Just Between You and I

People often use this construction when they want to sound posh, but the correct phrase is “just between you and me.” The test is to remove the other person and try the sentence with just I or me:

  • Jules and I are far too busy to attend your orgy. (I am far too busy.)
  • The instructions for infiltrating the cell were sent to Dmitri and me. (They were sent to me.)

This kind of mistake is called a hypercorrection. It’s what happens when you’re so anxious not to slip up, you overshoot the mark and end up mangling your grammar in an effort to sound clever.

Whom May I Say Is Calling?

The classic example of a hypercorrection is the well-known scene in which a butler picks up the phone and snootily asks, “Whom may I say is calling?” As any butler worth his bow tie knows, the correct question is “Who may I say is calling?” How can you tell? The simplest method is to rearrange the sentence, starting with the word after who/whom, then substitute he or him for the tricky whom. If he works better, the word you want is who; if him sounds right, you want whom. (If you want to get technical, he and who are subjects, while him and whom are objects—they receive the action of the verb.)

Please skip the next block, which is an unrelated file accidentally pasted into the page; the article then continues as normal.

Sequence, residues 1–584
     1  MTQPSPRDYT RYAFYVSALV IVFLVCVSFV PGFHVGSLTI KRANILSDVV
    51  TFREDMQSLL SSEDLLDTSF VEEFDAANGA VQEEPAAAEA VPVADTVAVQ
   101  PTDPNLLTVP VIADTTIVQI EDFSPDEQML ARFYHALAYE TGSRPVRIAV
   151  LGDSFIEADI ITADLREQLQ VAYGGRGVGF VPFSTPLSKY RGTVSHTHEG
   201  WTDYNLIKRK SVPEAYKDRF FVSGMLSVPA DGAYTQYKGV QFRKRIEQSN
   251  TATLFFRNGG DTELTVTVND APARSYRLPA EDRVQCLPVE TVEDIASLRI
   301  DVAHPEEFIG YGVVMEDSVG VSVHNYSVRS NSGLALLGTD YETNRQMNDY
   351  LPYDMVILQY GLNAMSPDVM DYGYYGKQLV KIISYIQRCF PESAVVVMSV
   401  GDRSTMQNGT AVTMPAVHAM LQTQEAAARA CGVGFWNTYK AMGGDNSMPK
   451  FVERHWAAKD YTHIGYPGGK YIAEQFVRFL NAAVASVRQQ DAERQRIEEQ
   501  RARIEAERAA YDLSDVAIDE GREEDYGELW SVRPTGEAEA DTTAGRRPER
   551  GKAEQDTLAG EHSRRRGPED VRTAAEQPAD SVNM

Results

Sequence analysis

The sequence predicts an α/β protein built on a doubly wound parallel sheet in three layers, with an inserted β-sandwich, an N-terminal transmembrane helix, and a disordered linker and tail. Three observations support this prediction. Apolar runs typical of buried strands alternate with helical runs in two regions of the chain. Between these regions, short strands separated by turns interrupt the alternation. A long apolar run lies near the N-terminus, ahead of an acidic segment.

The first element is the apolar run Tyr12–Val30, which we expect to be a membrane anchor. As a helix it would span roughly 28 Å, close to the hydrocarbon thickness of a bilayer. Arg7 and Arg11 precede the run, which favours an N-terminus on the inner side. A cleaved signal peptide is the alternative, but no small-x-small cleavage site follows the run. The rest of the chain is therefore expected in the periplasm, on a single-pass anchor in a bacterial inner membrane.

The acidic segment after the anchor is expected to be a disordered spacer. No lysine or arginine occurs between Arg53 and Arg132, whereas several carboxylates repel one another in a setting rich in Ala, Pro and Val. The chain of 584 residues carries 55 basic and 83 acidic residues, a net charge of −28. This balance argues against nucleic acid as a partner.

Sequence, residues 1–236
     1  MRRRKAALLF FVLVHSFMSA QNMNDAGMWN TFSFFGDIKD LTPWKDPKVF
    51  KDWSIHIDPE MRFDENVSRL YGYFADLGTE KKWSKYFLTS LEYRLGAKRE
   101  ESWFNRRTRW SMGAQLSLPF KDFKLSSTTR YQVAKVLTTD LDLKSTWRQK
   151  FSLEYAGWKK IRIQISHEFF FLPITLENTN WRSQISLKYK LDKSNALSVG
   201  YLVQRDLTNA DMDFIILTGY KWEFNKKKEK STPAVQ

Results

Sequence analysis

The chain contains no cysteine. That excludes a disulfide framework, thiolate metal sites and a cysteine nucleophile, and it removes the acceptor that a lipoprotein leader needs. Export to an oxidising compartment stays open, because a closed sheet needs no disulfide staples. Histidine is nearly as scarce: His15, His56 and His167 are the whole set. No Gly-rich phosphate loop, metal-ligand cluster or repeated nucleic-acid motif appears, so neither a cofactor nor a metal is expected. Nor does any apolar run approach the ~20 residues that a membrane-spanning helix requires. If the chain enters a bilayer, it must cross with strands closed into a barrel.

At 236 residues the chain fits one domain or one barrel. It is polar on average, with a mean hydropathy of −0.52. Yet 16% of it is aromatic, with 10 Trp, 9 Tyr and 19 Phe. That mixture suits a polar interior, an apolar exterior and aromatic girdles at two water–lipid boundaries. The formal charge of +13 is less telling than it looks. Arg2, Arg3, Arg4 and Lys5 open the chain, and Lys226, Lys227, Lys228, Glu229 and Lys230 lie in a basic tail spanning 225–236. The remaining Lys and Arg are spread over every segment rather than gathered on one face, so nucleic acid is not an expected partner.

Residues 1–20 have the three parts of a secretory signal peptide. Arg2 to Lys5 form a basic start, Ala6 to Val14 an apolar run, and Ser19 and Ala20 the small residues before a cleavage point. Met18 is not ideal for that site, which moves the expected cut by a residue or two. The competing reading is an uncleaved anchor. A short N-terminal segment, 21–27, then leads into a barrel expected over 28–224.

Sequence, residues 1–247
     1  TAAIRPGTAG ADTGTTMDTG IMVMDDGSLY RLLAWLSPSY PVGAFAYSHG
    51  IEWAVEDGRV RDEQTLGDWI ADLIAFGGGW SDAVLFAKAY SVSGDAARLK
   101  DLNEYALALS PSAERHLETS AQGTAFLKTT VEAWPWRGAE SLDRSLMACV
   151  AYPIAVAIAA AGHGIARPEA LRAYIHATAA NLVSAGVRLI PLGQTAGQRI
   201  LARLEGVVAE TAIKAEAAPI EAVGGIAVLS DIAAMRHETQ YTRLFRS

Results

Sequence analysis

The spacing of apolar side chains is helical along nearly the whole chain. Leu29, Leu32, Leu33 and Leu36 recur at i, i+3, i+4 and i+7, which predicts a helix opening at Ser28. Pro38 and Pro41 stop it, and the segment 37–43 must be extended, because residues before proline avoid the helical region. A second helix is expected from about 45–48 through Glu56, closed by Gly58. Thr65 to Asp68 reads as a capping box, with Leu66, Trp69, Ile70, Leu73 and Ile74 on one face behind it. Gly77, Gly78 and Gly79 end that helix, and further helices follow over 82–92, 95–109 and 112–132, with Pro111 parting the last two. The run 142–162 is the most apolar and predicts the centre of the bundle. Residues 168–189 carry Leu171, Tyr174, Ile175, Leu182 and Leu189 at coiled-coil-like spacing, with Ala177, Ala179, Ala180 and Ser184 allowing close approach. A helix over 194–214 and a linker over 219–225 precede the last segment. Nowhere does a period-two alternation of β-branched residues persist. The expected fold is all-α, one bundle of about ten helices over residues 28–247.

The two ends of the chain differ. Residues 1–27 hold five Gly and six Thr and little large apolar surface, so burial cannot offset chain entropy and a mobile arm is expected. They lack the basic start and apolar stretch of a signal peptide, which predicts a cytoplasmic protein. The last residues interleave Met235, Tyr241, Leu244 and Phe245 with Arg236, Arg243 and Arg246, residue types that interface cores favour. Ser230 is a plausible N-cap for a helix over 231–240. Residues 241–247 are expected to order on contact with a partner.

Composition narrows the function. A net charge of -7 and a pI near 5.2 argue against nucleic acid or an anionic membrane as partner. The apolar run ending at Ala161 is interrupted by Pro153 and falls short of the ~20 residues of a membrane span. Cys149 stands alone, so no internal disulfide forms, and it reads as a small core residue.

(Who/Whom) may I say is calling?

  1. Rearrange: May I say (who/whom) is calling?
  2. Swap: May I say (he/him) is calling?
  3. You would never ask, “May I say him is calling?” so who is the correct choice.

From among the many yodelling candidates, I chose the one (who/whom) I thought was most limber.

  1. Rearrange: I thought (who/whom) was most limber.
  2. Swap: I thought (he/him) was most limber. (He works best.)
  3. Answer: From among the many yodelling candidates, I chose the one who I thought was most limber.

(Who/Whom) did you choose to take to the herpetologists’ convention?

  1. Did you choose (who/whom) to take to the herpetologists’ convention?
  2. Did you choose (he/him) to take to the herpetologists’ convention?
  3. Answer: Whom did you choose to take to the herpetologists’ convention?

If you still feel uncomfortable with whom, don’t worry: it’s perfectly acceptable to jettison it altogether in favour of a universal who. These days the only people who persist in using whom are grammarians, anal-retentives, and butlers.

Would of, Could of, Should of

It may sound like “I should of known,” but this expression actually contains a contraction of should have—should’ve. Just as in can’t (cannot) and don’t (do not), the apostrophe is a reminder of absent letters that have moved on to better things:

Would’ve = would have

Could’ve = could have

Should’ve = should have